Arcade racing at its finest. Playing as a group, driving as fast as you can whilst collecting items to throw your opponents off course. But how does Table Top Racing compare to the many games adopting this concept?
Well, the first fundamental difference that stands out is the environment in which you are racing in. The developers have really tried to capture the gimmick of competing in tiny vehicles on a table. And it works well. Trying to avoid giant screws and bolts spread across a desk can be pretty amusing. I can’t say I’ve ever been so terrified of a collapsing water bottle, let’s put it that way.
But in addition to the tracks, there are also the vehicles that you are able to drive. The cars are split into three separate categories: Cult Classics, Street Racers and Supercars. In each category there are at least five cars to choose from giving you enough range to race in a vehicle to your tastes. Budding car fans will notice that the cars look somewhat familiar to vehicles in the real world. For example the ‘Baguetti’ in the game looks surprisingly familiar to the Bugatti Veyron. Skimming the borderline of licensing seemed to be in the forefront of the developers mind when creating this game, but it does offer light entertainment seeing how imaginative they can be.
The gameplay can be best described as a short burst of fun that soon loses its novelty. Especially if you are playing the game on your own. Like most games, playing with a friend or a group makes the game so much better. And this cannot be expressed more with an arcade racer such as this. The competitiveness rises, the races become more tense and the game suddenly becomes far more enjoyable. The single player experience however is rather bland when playing against bots.
However, there was one aspect of the game that was refreshing to see and did add a different element to simply racing. On each track, there are a number of coloured coins in different areas on the track that make you think differently about how you race and the direction you drive in. Some of which are hidden, forcing you to go off the mainstream track to search for them which adds a nice secondary challenge to the game. As they are collected, they add a boost to the amount of money you gain after completing the course which can then go towards upgrading your current car or buying a totally new one.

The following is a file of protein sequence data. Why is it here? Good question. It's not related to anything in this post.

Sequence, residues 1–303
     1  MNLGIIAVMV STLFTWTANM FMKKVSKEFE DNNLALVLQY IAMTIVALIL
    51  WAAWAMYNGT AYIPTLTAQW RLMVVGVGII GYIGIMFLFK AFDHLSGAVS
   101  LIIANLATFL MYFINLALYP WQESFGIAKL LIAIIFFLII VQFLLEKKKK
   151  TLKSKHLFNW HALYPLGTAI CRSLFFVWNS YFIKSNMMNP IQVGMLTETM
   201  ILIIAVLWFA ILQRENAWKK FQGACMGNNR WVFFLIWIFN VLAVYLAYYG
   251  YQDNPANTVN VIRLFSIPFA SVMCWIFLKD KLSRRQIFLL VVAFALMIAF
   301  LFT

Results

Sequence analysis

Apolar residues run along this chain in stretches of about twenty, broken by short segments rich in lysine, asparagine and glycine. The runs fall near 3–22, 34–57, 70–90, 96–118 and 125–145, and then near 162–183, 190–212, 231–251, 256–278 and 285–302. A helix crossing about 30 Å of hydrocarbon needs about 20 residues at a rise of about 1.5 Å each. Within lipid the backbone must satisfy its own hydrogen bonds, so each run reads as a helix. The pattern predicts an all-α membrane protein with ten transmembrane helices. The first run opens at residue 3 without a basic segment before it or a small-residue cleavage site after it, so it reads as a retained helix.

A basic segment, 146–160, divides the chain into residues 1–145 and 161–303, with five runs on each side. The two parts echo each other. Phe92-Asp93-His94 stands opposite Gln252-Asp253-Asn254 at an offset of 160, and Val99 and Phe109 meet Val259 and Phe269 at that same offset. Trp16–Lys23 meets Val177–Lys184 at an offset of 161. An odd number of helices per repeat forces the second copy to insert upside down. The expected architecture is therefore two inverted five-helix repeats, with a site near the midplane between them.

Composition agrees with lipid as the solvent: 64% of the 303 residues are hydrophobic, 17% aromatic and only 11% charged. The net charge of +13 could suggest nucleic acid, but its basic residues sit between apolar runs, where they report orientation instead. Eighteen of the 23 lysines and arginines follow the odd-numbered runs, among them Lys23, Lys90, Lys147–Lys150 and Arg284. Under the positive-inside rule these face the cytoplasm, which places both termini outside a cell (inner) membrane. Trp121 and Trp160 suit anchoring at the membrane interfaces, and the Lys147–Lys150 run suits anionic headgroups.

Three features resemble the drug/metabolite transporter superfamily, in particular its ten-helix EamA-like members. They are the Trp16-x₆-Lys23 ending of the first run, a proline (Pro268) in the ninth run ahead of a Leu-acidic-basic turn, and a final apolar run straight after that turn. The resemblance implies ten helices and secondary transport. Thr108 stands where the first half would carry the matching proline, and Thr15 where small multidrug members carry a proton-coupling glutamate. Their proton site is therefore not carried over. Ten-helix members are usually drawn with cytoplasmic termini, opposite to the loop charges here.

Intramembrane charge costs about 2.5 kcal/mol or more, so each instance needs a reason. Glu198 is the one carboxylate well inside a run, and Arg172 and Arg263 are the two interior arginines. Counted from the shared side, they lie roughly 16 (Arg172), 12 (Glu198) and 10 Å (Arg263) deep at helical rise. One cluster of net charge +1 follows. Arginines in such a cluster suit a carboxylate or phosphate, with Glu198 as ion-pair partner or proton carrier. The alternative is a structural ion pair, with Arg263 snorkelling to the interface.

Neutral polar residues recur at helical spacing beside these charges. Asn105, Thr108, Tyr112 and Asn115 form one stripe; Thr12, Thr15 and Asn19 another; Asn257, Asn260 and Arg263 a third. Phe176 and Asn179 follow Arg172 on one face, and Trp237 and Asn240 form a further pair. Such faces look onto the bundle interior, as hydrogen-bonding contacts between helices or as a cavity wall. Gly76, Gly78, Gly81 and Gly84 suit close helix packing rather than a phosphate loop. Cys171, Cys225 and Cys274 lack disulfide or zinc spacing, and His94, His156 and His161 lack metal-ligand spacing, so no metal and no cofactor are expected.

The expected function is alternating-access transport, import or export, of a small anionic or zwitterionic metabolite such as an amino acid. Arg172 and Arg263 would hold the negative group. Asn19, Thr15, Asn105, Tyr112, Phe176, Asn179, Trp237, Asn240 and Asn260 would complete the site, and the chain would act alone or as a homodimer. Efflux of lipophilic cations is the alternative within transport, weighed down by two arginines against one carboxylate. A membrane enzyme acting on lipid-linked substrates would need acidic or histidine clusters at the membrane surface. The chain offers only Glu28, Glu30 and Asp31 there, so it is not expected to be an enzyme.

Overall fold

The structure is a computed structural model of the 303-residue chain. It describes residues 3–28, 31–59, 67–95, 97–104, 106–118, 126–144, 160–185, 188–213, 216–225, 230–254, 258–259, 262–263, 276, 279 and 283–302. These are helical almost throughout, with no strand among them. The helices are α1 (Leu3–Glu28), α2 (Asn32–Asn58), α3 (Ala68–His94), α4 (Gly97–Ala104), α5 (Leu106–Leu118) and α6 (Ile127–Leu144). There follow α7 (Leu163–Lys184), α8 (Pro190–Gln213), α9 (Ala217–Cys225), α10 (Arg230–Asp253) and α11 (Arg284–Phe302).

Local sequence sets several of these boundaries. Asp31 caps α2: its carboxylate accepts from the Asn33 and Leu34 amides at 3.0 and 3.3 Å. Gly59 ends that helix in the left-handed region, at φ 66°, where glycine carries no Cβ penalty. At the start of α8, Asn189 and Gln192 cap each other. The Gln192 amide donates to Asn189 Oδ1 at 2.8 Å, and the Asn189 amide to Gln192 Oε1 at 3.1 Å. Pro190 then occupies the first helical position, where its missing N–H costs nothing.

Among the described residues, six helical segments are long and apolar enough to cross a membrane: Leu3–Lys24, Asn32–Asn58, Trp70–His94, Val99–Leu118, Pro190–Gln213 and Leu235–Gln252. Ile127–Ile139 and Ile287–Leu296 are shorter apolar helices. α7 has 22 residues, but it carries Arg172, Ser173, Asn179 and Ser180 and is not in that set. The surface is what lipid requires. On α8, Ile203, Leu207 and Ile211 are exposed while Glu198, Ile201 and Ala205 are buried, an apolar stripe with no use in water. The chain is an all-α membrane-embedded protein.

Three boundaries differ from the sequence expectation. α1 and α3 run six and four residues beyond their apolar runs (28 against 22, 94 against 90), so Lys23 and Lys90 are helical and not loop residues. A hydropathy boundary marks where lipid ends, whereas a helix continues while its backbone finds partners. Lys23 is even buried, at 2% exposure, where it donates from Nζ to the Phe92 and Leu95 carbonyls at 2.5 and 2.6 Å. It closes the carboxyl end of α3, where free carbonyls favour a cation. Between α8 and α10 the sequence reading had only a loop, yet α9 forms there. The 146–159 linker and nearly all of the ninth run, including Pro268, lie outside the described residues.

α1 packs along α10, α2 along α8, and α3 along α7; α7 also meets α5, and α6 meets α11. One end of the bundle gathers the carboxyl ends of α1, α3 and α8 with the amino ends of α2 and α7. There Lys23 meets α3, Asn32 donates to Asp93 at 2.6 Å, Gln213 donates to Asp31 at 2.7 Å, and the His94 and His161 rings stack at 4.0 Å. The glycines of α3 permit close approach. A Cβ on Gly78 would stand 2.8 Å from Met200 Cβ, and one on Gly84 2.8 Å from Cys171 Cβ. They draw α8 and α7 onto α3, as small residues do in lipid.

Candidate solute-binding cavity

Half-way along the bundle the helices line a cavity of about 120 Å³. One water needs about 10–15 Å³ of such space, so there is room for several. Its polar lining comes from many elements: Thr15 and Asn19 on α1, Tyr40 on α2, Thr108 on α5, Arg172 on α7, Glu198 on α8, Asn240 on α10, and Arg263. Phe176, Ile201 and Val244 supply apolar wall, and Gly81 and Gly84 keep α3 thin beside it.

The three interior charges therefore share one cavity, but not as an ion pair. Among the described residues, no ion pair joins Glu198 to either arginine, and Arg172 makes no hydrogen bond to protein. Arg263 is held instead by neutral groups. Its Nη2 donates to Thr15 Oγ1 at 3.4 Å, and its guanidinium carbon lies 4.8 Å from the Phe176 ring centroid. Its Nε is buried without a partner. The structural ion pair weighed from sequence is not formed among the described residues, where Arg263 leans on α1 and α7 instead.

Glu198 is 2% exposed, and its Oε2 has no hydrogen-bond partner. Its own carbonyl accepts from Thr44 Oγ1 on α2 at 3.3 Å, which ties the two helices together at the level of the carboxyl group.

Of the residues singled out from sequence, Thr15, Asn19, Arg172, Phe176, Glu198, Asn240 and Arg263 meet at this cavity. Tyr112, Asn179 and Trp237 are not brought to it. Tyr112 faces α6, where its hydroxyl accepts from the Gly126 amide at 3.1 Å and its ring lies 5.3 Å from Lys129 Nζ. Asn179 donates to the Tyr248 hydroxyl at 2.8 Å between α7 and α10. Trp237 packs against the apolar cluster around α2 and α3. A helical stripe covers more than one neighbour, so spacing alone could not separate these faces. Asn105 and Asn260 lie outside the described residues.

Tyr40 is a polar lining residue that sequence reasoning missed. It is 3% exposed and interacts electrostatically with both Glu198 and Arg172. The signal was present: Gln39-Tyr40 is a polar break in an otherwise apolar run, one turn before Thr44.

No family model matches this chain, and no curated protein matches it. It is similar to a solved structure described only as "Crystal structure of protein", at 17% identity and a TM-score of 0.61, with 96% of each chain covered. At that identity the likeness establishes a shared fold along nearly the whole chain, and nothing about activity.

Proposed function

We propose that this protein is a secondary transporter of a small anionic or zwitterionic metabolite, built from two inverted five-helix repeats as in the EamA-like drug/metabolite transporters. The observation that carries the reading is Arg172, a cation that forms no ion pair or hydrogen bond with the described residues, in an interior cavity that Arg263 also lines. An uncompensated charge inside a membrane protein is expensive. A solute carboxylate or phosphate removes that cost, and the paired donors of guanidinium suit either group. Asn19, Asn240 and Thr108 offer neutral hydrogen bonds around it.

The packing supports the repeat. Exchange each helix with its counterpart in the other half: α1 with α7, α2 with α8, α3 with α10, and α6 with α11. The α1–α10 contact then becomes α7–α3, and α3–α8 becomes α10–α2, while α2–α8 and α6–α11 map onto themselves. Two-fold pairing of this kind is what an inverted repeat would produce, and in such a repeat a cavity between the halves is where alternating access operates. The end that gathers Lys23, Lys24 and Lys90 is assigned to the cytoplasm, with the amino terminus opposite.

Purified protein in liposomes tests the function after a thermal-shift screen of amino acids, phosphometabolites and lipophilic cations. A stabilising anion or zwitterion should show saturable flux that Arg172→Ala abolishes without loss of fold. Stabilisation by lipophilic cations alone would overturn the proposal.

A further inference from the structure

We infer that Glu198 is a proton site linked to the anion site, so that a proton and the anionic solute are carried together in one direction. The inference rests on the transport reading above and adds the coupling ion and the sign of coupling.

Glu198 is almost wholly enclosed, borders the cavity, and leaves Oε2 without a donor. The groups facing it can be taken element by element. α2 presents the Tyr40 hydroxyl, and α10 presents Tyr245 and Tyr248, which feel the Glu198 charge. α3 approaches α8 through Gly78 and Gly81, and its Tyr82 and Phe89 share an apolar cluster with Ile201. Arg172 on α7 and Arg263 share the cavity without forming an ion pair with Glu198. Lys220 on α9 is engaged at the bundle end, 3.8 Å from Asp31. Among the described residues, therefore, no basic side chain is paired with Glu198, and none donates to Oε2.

The unfortunate truth of this game is that it is not the next Mario Kart for Xbox. As much as the concept is there and the game plays pretty much the same way, nothing will top the original arcade racer. Don’t get me wrong, the game is fun for a time. But it’s a limited amount of time. Another issue that I find a big problem is the speed and intensity of the races because there isn’t any. Much of the fun that comes from racing games is the tenseness of pursuing an opponent or speeding away. But unfortunately, whichever car you choose from simple to super car is painfully slow.
Table Top Racing: World Tour feels like it could have been better than it was. It was never going to be the breakthrough title, and I doubt it was advertised and produced with that in mind. But small things like the speed of the racing, the track variety and enhancing the single player experience should have been addressed. Although the coin-collecting feature was refreshing to see, it’s not something that will keep players enthralled in the game and want them to keep playing.
REVIEW CODE: A complimentary Microsoft Xbox One code was provided to Brash Games for this review. Please send all review code enquiries to firstname.lastname@example.org.
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